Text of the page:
People have been screaming about IP issues in SL since the beginning. Several years ago there was a series of open talks in SL featuring attorneys with expertise in IP who examined the LL TOS. Not much was resolved other than a statement from LL that their “intention” was not to steel user content, but that they needed certain rights in order to allow people to use the Marketplace and just to generally present the content on the platform. A lot of artists were not satisfied and you’ll find many of them still working in OpenSim grids where they have more control.
Disney and others are vehement about controlling how and where and by whom their IP is presented. There was a Disney themed fan sim in SL some years ago that, if memory serves, got notice to remove their content of face legal consequences. The Frank Lloyd Wright Foundation closed down a sim full of great Wright model homes in SL, even after the owners contacted them and at least got tacit permission to do it. (I.e., I think they had been told the foundation wouldn’t endorse it, but also wouldn’t stop it.)
Ultimately, I’m pretty sure any copy of virtual content without permission is theft. Whether there is money involved or not.
Philip said that currently, the High Fidelity company consists of 55 people, and about 20,000 people have created user accounts so far in High Fidelity. He said, in response to a comment from Drax that most High Fidelity users are probably American, that British/European users actually make up the largest block of HiFi users.
Philip talked about a piece of code you can add to your HiFi client, called Mirror Mode, which allows you to see a copy of your avatar in-world, to see what you are wearing, etc.
The group started at the Zaru domain, and from there they went on to visit the following domains:
Each HiFi domain runs on its own server; High Fidelity is a distributed open-source virtual world. Philip said that they built the architecture so that anybody who wants to can put up their own server, which means that it can scale upwards much more easily than a centralized system. He also hinted that you might be able to access High Fidelity on your phone someday soon!
Here’s Strawberry’s livestream of the tour (she was experiencing some technical issues with lag, and she did crash at one point):
Drax also did a livestream of Philip’s tour (one of the cool HiFi features he demonstrated was the ability to befriend another avatar simply by shaking their hand in-world):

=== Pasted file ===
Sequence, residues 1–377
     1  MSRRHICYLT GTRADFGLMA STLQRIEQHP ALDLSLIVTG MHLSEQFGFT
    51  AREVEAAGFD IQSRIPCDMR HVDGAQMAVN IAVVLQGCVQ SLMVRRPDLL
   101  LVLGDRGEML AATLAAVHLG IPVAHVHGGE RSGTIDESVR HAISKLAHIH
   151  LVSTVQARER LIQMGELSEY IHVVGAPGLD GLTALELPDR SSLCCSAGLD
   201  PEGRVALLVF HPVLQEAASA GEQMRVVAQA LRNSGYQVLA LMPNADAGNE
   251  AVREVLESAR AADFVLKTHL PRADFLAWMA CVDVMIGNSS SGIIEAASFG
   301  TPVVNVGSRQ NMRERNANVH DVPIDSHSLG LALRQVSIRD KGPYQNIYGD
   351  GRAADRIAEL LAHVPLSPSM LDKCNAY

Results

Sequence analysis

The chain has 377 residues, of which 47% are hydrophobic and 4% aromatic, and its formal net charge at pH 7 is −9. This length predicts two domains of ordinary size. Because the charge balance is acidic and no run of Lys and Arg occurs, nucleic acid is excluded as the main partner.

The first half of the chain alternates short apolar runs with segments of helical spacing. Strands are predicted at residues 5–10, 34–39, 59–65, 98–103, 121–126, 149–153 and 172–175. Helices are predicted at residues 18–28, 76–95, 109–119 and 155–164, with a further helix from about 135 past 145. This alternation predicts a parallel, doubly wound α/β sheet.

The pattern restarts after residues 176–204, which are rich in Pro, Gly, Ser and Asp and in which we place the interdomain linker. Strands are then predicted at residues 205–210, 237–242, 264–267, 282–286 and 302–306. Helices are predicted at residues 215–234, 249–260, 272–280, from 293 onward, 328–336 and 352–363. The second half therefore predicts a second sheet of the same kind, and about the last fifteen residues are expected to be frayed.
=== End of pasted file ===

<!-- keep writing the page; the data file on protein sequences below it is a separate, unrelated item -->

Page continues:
How do you find out what’s going on in the various social VR spaces/virtual worlds? Often the best way is to consult their upcoming events listings. In this blogpost I am going to link to all the various event schedules that I have been able to locate for each of the major metaverse platfrorms.
First, let’s start off with Second Life. The Events listing in the Second Life client (under Search in the Firestorm client) can be a bit overwhelming due to the sheer magnitude of events listed (there’s also a lot of store advertising spam mixed in). You can use the handy drop-down menu in the upper right-hand corner of the Search window (under the General, Moderate, and Adult checkboxes) to limit your searching to, say, live music events. There’s also an events page on the Second Life website, which doesn’t appear to have as many events listed as you can find using the client. There’s also a Featured Events listing in the Destination Guide, which can direct you the major events happening around the grid.
Sansar has an upcoming events calendar within the client software, displayed prominently on the right-hand side of the screen when you first log in. There’s also a Rolodex icon labelled Events in the upper right-hand corner of the screen, which you can click at any time to see the events listings:
High Fidelity has an upcoming events page in pinboard, agenda, or calendar month views. Unfortunately, there’s no events listing within their client, on their tablet user interface, so you’ll have to rely on the website to get your information before you go in-world.
(Update: I just discovered that there is an in-world display board of upcoming events in High Fidelity’s Start domain, which you can search for on your tablet UI under the “Go To” icon:
Sinespace has an Events section on their official blog, but it’s not updated very often. You’re better off loading the Sinespace client software and getting information from the Upcoming Events section on the left-hand side of the log in screen:
There’s also an upcoming events board located near the spawn point at the Sinespace Welcome Centre:
VRChat actually has a VRChat Events website with links to their Discord server and to an online calendar of events. This is a separate Discord server from the very busy main VRChat Discord server, with different channels for each of the regularly scheduled events happening in VRChat, including the popular Endgame talk show. There’s simply no better way to stay abreast of everything that’s happening in VRChat! There’s also an official events calendar on the VRChat website. (Surprisingly, there is no upcoming events listing within the VRChat client, a glaring omission.)